Humans are not the only creatures that build. Many a creature that we classify low down the hierarchy of the animal kingdom, such as bees and ants, build elaborate structures. However, it has been suggested that it is awareness and imagination that single out humans as superior to other animals in architectural output. While the rest of creation act on the environment instinctively with no reasoning or training - as preordained by Allah, the Creator of the universe - man does the same willingly and at his own discretion. Since his actions are preceded with thinking and rationalizing, man clearly demonstrates through acts of building -- and through every other engagement of his, indeed -- his philosophy of and outlook on life and its manifold realities. The relationship between the two, i.e., one’s outlook on life and the disposition of his acts -- including building -- is causal, the former always being the cause of the latter. No sooner does a paradigm shift occur in one’s worldview -- no matter how (in)significant -- than a corresponding change accordingly ensues in the very essence and character of one’s performances, thus revealing and immortalizing one’s actual relationship with his self, with his peers, with other creatures and, of course, with his Creator and Lord.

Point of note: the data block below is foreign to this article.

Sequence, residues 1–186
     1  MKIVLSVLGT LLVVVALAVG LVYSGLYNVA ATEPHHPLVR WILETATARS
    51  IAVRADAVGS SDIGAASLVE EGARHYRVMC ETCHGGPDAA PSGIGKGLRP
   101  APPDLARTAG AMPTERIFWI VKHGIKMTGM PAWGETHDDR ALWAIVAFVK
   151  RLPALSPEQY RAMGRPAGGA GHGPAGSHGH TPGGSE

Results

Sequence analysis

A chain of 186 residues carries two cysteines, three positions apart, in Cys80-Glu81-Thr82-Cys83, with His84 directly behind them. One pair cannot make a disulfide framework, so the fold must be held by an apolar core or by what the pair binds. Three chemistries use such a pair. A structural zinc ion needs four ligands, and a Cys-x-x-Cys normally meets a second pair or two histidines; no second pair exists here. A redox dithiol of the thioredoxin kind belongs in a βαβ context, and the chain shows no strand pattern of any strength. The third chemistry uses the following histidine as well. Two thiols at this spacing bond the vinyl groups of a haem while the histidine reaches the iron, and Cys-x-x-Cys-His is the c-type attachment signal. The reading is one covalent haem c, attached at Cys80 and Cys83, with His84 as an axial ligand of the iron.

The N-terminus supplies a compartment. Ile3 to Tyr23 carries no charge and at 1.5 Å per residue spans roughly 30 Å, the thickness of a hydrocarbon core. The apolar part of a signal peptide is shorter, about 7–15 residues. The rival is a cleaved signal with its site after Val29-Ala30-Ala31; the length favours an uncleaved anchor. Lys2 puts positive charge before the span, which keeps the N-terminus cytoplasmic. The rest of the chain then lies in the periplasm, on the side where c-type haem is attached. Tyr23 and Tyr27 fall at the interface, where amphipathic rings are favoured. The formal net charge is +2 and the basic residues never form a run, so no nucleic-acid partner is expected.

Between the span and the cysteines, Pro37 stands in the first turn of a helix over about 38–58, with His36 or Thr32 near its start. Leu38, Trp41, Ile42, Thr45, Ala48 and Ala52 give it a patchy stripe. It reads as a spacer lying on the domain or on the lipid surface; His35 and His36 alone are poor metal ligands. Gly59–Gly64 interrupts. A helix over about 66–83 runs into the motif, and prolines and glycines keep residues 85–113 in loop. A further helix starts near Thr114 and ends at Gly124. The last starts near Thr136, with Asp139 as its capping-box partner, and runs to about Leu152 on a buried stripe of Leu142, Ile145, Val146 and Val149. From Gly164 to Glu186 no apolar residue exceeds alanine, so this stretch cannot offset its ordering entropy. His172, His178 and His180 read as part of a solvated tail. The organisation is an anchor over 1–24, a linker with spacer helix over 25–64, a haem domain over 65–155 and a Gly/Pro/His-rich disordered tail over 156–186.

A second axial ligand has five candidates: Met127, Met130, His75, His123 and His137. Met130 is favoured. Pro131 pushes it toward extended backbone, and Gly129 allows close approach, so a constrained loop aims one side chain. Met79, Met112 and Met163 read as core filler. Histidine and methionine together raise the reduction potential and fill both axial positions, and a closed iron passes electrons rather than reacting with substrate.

THE Paradox OF Preservation In Urban & Architectural Heritage
Dr. Mustapha Ben-Hamouche
|Urban and architectural heritage in the Islamic world is gradually becoming an object of preservation policies due to the ever increasing cultural awareness. Old buildings and cities are believed to be the fortress of culture that helps societies preserve their identities and face the eradicating globalization. However, preservation policies, mostly based on the intervention of the State, protective measures and the freezing of building against any change and alterations, are often in contradiction with the urban dynamics and incremental process that generated such cities and buildings. Considering the emptiness of these cities and buildings from their original content, such policies become, in a sense, like an action of taxidermy that “reproduces a life-like three-dimensional representation of a dead animal for permanent display”.|